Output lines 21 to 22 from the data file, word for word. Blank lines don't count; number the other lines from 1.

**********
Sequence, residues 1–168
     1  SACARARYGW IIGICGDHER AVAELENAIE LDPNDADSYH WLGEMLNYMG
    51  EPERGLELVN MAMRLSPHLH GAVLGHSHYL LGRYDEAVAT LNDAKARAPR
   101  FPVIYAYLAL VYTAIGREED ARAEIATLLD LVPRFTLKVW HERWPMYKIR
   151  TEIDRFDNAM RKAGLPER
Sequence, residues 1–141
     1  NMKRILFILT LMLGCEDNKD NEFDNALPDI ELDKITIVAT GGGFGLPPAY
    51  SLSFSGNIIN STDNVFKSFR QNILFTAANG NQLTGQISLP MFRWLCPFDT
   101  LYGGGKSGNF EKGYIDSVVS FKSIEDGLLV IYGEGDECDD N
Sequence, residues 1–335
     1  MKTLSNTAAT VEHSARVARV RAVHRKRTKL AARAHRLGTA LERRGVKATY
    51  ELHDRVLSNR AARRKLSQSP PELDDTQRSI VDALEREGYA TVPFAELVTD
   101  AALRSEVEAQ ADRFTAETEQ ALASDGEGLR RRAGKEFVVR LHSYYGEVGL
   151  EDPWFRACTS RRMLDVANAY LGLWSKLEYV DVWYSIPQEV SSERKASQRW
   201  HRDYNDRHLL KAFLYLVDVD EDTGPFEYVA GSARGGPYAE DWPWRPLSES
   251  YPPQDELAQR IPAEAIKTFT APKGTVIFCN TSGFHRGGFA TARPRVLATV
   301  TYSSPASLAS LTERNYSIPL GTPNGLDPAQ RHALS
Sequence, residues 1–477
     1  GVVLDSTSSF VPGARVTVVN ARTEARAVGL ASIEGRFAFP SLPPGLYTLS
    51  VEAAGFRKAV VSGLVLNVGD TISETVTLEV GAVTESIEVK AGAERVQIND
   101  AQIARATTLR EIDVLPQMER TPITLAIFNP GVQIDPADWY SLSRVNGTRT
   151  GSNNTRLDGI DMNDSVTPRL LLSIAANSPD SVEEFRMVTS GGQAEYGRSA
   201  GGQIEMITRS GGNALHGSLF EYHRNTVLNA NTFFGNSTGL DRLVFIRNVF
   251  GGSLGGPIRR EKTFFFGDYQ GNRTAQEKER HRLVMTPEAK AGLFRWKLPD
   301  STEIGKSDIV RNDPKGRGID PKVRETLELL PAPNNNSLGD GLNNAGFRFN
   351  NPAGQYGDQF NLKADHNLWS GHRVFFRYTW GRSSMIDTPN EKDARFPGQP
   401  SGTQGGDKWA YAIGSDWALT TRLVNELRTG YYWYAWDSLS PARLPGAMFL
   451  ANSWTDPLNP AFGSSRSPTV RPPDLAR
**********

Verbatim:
   101  AQIARATTLR EIDVLPQMER TPITLAIFNP GVQIDPADWY SLSRVNGTRT
   151  GSNNTRLDGI DMNDSVTPRL LLSIAANSPD SVEEFRMVTS GGQAEYGRSA